Good Morning
Good Morning
Long IslandNassau

Nassau forecasts nearly $90M sales tax shortfall

A new fiscal report says last year's sales tax revenue in Nassau County could be down by as much as $89 million, but there has been little indication to date on how the county executive, Edward Mangano, plans to address the issue.

Nassau County has two sales tax adjustments checks for 2009 in the pipeline from the state, but even with that the county is on a pace to end 2009 down $85 million to $89 million, according to Steve Antonio, director of the Office of Legislative Budget Review.

A report from Antonio's office Thursday was mostly bad news about sales tax receipts for 2009. But it did say the county could possibly meet its target in the 2010 budget, which anticipates a 1.75 percent growth.

"One of the ways the county executive is closing the gap is a smaller administrative payroll," Mangano spokesman Michael Martino said in a statement Thursday. He declined to elaborate.

Suffolk County Executive Steve Levy said he faces a sales tax gap of $66 million for 2009 and 2010, and ordered department heads this week to prepare to cut discretionary spending by 10 percent to save $40 million. Suffolk has a $2.4-billion budget.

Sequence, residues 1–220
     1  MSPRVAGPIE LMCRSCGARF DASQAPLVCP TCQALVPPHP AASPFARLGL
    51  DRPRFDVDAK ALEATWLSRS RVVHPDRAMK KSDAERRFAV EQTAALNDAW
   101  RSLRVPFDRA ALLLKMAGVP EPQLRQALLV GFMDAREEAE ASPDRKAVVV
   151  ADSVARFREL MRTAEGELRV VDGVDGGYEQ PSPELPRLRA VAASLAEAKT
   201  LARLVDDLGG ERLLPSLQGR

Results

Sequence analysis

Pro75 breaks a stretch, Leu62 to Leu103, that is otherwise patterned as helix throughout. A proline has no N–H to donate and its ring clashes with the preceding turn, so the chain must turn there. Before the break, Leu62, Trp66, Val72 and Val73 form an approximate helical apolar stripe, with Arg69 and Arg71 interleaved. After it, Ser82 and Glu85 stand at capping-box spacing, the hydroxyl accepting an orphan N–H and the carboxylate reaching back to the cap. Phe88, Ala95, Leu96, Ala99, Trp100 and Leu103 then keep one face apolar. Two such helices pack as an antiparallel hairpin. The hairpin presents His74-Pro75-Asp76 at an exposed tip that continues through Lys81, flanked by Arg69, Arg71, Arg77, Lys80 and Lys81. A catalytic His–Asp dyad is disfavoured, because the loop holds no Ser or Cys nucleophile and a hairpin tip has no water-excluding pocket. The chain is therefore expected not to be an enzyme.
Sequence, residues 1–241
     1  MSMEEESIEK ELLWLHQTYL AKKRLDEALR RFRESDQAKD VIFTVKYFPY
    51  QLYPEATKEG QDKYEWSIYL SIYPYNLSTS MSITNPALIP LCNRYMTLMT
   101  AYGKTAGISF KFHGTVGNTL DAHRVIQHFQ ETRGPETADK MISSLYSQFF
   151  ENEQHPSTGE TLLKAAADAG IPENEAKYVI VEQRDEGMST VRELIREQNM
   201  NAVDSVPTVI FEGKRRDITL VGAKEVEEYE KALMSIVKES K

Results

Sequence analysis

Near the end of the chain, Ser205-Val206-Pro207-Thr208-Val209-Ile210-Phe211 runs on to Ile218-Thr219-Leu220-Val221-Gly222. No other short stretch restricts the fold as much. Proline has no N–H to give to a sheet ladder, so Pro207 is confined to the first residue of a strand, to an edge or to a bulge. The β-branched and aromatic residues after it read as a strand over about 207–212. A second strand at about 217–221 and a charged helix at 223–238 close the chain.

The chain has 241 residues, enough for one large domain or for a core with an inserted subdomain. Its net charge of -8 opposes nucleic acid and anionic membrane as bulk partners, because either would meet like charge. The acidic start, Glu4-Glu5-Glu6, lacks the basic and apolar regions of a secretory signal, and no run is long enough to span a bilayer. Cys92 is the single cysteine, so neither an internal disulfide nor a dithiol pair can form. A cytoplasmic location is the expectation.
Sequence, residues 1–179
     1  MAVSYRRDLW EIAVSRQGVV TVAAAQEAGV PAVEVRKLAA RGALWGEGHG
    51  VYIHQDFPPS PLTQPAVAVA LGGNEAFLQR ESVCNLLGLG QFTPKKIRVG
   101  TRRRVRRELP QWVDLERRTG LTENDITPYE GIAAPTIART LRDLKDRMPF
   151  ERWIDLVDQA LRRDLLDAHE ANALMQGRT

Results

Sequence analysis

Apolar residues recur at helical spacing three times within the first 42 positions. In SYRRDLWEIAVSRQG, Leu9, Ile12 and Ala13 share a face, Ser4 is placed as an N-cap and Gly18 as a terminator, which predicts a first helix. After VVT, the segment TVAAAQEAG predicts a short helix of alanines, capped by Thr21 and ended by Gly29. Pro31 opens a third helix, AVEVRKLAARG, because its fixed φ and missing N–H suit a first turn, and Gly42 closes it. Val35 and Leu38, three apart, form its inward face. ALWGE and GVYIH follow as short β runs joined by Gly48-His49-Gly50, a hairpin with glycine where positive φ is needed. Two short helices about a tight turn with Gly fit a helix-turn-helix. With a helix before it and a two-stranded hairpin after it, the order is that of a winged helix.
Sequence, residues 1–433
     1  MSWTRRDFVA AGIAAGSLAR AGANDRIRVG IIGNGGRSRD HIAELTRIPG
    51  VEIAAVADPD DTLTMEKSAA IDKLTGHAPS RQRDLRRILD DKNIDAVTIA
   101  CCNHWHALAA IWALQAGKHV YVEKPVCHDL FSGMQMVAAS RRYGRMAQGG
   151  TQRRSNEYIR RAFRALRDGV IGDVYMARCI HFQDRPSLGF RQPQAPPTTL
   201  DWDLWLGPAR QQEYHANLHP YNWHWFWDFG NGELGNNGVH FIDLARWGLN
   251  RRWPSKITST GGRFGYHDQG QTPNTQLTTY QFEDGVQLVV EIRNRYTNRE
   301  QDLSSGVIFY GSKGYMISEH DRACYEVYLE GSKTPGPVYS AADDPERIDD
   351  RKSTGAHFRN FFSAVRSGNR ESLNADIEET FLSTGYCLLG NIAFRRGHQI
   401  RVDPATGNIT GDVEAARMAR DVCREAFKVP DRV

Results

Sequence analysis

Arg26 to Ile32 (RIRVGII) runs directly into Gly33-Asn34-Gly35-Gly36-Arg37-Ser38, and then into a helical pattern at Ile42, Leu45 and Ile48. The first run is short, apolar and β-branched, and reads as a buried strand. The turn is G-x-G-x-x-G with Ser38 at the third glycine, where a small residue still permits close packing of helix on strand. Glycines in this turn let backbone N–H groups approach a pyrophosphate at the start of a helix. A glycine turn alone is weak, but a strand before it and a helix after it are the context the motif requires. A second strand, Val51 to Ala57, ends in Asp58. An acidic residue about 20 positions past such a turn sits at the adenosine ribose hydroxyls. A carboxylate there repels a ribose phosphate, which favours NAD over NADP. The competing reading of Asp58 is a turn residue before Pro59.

Mangano, who took office on Jan. 1, has said he will show within two months how he will cut the $2.6-billion budget to make up the $19 million in revenue the county will lose this year because of his repeal of the sales tax on home energy use.

He may also have to deal with a possible shortfall of $16 million in anticipated revenue from a proposed county cigarette tax. That revenue became less likely when Gov. David A. Paterson proposed a new state cigarette tax to help balance the state budget.

Antonio's report laid out a good-news, bad-news menu of possibilities that included:

A spike in crude oil prices could dampen a recent increase in consumer confidence and result in fewer trips to the mall, and therefore fewer purchases and less sales tax.

A tight credit market could keep the lid on consumer spending.

Pent-up demand for cars could rebound.

"The Nassau County economy is expected to slowly recover in 2010 . . . ," the report said. "However, it appears that it will take some time before Nassau's economic indicators reach their 2008 levels."

Nassau top stories